• Do not include tear sheets of past work. Keep them handy but not in your portfolio as this can be a turn-off for some ADs.
  • Include a biography. It’s a nice personal touch and it creates an emotion within the AD. Wether it be nostalgia, laughter or awe, you need to impress upon them a feeling.

Jeffery Rosenberg

Jeffery Rosenberg was instantly likeable with his cute tangerine-colored resin frames (I spoke to him during the coffee break, not knowing he was the next speaker, and first thing I noticed was the eyewear). I think he began talking by saying how big of an affinity he had with photographers and the industry. How he is an AD that loves photography and who keeps in touch with the culture. He comes from a legacy – he had two uncles deep into photojournalism and sports photography back in the day. I think he mentioned a famous shot they took of Maurice Richard. Anyways, the way Jeffery spoke, you just felt that he was incredibly artistic and open-minded.

Jeffery Rosenberg worked on the Musee des Beaux-Arts in Montreal…Expo ’67…the guy met HENRI CARTIER-BRESSON ok? How cool is that! For the past ten years, he’s been working at Bos. (Ok don’t laugh, but at first, I thought they meant Boss, as in Hugo Boss, my ears perked up even more in wonder until it all made sense again. Silly me.)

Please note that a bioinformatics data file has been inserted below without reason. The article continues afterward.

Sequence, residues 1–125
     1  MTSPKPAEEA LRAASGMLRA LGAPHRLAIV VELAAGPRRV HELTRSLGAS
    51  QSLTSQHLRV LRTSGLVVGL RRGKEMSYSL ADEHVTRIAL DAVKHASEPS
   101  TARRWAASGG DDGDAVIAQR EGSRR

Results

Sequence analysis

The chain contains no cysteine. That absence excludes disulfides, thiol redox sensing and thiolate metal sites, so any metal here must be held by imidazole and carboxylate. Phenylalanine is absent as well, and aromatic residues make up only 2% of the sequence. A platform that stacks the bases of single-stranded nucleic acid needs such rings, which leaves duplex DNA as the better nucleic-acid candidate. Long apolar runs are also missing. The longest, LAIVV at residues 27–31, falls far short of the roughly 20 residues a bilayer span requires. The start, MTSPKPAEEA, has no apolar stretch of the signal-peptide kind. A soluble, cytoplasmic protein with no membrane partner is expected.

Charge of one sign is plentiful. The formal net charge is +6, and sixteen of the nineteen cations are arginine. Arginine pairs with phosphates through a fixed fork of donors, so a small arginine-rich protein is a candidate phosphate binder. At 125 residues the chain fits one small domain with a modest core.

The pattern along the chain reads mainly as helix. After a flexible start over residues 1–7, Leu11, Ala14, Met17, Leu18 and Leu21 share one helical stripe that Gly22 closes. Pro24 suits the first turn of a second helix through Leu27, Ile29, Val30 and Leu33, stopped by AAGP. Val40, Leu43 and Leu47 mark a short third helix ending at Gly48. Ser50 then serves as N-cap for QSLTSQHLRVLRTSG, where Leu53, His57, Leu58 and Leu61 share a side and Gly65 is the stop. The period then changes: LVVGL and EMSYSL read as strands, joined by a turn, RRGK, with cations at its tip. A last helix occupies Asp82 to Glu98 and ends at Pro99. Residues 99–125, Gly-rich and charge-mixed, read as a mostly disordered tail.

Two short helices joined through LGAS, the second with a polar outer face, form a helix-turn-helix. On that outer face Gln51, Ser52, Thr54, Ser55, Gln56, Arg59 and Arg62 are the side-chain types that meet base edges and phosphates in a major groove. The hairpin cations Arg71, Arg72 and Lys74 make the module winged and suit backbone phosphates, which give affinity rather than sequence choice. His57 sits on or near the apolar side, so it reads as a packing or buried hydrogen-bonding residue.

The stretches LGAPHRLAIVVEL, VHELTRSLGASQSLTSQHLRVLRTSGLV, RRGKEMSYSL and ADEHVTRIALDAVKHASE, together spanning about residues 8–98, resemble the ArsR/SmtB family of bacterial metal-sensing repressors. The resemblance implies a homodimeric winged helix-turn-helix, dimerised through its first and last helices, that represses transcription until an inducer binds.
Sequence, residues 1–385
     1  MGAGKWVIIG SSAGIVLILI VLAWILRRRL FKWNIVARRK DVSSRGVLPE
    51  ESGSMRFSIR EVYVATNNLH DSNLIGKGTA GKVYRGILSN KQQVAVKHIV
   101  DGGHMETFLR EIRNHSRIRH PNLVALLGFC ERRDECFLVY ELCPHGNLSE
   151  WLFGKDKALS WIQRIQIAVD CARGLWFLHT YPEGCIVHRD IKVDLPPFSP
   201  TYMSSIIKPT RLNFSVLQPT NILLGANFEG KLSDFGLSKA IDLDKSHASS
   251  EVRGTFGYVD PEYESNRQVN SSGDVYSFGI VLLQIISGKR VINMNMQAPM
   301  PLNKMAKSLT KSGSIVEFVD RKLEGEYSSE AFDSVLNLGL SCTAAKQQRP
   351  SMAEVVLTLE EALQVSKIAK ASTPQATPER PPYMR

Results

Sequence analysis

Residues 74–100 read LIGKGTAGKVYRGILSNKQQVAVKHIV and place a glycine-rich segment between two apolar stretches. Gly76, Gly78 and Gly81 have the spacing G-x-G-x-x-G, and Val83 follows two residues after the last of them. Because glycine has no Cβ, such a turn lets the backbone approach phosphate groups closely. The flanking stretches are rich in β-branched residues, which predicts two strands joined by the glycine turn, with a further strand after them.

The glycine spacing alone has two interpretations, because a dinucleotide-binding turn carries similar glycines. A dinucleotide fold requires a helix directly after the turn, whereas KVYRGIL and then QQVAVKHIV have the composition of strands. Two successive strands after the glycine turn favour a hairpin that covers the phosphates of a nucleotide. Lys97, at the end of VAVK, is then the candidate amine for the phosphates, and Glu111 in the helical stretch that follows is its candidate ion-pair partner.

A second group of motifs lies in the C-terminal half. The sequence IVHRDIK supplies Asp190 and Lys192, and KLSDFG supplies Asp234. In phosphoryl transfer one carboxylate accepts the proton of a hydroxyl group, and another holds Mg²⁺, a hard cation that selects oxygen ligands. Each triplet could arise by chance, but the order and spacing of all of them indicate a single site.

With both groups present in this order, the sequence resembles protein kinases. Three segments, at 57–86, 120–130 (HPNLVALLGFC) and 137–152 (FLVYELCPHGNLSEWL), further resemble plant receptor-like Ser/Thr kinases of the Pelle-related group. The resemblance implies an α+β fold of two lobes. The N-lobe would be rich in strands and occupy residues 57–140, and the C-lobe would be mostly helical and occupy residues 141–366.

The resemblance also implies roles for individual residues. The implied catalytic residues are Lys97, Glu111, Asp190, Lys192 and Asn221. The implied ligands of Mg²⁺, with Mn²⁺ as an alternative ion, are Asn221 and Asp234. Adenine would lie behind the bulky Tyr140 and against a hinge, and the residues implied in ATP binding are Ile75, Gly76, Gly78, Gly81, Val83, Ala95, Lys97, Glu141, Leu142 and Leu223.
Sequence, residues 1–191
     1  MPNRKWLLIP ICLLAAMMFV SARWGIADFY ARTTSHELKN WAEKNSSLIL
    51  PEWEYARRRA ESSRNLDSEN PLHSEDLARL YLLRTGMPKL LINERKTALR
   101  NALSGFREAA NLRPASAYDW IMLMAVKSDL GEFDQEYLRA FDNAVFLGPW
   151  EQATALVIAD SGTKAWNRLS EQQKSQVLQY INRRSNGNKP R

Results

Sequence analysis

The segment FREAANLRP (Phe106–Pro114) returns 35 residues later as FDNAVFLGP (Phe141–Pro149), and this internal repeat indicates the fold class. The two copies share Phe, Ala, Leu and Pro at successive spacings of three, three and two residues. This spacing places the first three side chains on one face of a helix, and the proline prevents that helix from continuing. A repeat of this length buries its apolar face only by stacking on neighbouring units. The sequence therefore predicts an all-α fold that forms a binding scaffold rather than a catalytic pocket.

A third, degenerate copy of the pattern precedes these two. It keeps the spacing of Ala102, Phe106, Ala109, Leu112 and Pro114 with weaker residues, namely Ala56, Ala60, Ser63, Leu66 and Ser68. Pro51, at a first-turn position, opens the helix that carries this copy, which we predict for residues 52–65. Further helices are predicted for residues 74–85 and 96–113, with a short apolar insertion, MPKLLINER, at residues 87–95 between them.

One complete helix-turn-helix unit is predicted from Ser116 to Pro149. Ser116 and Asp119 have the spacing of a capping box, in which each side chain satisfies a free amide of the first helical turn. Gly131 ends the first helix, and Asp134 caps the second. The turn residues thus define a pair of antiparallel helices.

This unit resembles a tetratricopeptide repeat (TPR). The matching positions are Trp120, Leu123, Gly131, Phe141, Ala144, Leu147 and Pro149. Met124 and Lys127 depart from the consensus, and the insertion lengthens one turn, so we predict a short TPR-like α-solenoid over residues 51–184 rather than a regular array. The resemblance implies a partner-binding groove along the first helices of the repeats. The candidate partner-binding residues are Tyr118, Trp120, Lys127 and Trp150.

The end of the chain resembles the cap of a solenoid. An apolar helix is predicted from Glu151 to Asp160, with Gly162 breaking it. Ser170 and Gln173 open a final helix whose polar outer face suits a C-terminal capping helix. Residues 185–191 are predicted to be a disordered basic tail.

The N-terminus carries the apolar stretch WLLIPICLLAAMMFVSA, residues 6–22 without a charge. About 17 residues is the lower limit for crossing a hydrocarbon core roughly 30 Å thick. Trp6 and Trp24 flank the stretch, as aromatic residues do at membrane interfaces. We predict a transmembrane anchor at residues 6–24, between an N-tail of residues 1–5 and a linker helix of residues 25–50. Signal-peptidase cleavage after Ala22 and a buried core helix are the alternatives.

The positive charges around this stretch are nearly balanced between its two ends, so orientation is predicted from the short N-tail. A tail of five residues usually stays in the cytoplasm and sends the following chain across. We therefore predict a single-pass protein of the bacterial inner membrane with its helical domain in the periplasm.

Here’s what Jeffery had to say:

  • ADs do look at their emails. But a personal touch is nice too…actually talking face to face. Some ADs still like to look at print portfolios, the old fashioned way. After all, your final image will be printed…they need to have an idea if your work looks good.
  • He re-iterated that personal and creative work in your portfolio is good.
  • There’s actually no perfect way to present your portfolio, because each artistic director is different.
  • Sometimes its all about the right timing. Just like anything in life…
  • Do not put anything you don’t like to shoot in your portfolio! Seriously, why would you do that? :P


So there you go! I hope this was beneficial to you all, as much as it was for me. Please share your thoughts and comments, and keep the discussion going :)

Big Hugs! Dina